US Supreme Court overturns ISC decision on right to appeal


By Melissa Davlin, Idaho Reports 

The United States Supreme Court reversed an Idaho Supreme Court decision on Wednesday, siding with an Idaho inmate who claimed his public defender was ineffective. The broad ruling has nationwide implications, giving more clarity on the standard for waiving certain rights in court.

The case, Garza v Idaho, centered on the right to appeal. In 2017, the Idaho Supreme Court rejected petitioner Gilberto Garza Jr’s claim that his trial attorney was ineffective after the attorney ignored Garza’s requests to file an appeal after Garza had agreed to plea agreements. Wednesday’s 6-3 ruling reverses that decision, with Justice Clarence Thomas, Samuel Alito, and Neil Gorsuch dissenting. 

In 2015, Garza signed two plea agreements that waived his right to appeal. Shortly after sentencing, Garza informed his court-appointed public defender that he wished to appeal anyway. The attorney declined, citing those plea agreements, and ignored repeated phone calls and letters from Garza asking to file the appeal.

The 2017 Idaho Supreme Court opinion said it was unclear at the time what the standard for ineffective counsel was once a defendant knowingly signed a plea agreement that waived certain rights.

“Generally, when trial counsel fails to file an appeal at a criminal defendant’s request, such performance is professionally unreasonable and therefore deficient,” Chief Justice Roger Burdick wrote. “To show that counsel’s deficient performance was prejudicial, the defendant must show there is a reasonable probability that, but for counsel’s deficiencies, the result of the proceeding would have been different. This test applies to claims that counsel was ineffective for failing to file a notice of appeal.”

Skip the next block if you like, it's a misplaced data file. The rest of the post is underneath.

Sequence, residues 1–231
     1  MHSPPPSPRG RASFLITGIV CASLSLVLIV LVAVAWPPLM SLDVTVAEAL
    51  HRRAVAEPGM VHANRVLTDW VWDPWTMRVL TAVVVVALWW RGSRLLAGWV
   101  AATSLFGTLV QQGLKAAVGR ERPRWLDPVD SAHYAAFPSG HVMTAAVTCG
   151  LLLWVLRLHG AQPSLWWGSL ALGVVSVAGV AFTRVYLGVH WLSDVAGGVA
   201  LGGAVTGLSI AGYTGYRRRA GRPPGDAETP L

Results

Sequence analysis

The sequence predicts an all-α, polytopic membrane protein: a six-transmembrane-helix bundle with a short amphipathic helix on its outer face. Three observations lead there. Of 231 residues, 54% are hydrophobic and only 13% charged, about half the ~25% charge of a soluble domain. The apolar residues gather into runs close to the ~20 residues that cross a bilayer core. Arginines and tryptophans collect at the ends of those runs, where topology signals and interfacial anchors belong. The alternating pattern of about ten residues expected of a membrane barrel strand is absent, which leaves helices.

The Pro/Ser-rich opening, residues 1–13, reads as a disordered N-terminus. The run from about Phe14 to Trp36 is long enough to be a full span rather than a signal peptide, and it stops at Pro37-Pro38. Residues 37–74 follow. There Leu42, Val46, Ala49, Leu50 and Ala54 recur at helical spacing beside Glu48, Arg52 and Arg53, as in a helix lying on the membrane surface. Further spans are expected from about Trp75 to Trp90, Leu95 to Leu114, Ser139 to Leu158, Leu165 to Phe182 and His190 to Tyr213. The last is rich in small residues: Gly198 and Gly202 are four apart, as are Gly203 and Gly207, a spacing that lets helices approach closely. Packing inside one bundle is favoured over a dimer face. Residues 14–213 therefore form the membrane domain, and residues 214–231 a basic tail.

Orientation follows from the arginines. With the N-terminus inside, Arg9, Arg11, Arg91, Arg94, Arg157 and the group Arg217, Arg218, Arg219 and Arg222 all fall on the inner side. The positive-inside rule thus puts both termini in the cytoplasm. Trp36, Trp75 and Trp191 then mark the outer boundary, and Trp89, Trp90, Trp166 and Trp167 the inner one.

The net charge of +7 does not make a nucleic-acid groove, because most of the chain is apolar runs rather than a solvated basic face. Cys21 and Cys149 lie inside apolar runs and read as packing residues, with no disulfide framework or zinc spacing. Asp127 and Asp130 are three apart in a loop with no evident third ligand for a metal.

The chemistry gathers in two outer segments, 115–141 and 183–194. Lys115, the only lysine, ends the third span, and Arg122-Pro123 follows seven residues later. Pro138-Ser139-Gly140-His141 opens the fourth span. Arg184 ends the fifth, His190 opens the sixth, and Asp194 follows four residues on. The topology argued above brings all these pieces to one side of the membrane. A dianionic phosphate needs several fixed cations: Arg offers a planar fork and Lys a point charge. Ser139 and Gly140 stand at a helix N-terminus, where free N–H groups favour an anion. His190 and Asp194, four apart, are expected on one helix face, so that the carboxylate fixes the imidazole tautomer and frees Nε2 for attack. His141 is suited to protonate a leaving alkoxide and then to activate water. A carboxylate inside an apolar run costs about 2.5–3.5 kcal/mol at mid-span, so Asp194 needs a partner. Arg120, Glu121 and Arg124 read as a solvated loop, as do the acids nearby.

“However, whether counsel was ineffective becomes unclear when the reason the attorney did not file the appeal is because the client waived the right to appeal as part of a plea agreement,” Burdick wrote. As of 2017, other courts had ruled on the issue and had split their opinions, but neither the Idaho Supreme Court nor the US Supreme Court had weighed in.

That changed this week. Justice Sonia Sotomayor penned Wednesday’s majority opinion, saying that language in plea agreements varies, and the possibility exists for waivers of appeal forfeitures.

“Garza’s attorney rendered deficient performance by not filing a notice of appeal in light of Garza’s clear requests,” Sotomayor wrote. “Given the possibility that a defendant will end up raising claims beyond an appeal waiver’s scope, simply filing a notice of appeal does not necessarily breach a plea agreement. Thus, counsel’s choice to override Garza’s instructions was not a strategic one. In any event, the bare decision whether to appeal is ultimately the defendant’s to make.”

Sotomayor wrote the ruling doesn’t mean Garza’s plea agreement is meaningless.

“Contrary to the argument by Idaho and the U. S. Government, as amicus, that Garza never ‘had a right’ to his appeal and thus that any deficient performance by counsel could not have caused the loss of any such appeal, Garza did retain a right to his appeal; he simply had fewer possible claims than some other appellants,” she wrote.

Sara Thomas, administrative director for the Idaho Supreme Court, said Wednesday’s ruling has broad implications for court proceedings nationwide.

“I think the biggest thing here is there is clarity for defense attorneys to understand what their responsibilities are,” Thomas said, adding this applies to public defenders and private attorneys alike. “Clarity is good.”

The opinion sets a more clear standard for waivers on two fronts, Thomas said: The language of the waiver needs to be specific as to which rights a defendant is waiving, and attorneys need to know that defendants are knowingly, intelligently, and voluntarily waiving those rights.

“There will be, I think, a big shift in procedure and how cases flow through the system,” Thomas said.

Idaho Reports will have more on this ruling. Meanwhile, you can listen to the October 2018 oral arguments here, and read Wednesday’s opinion here. 


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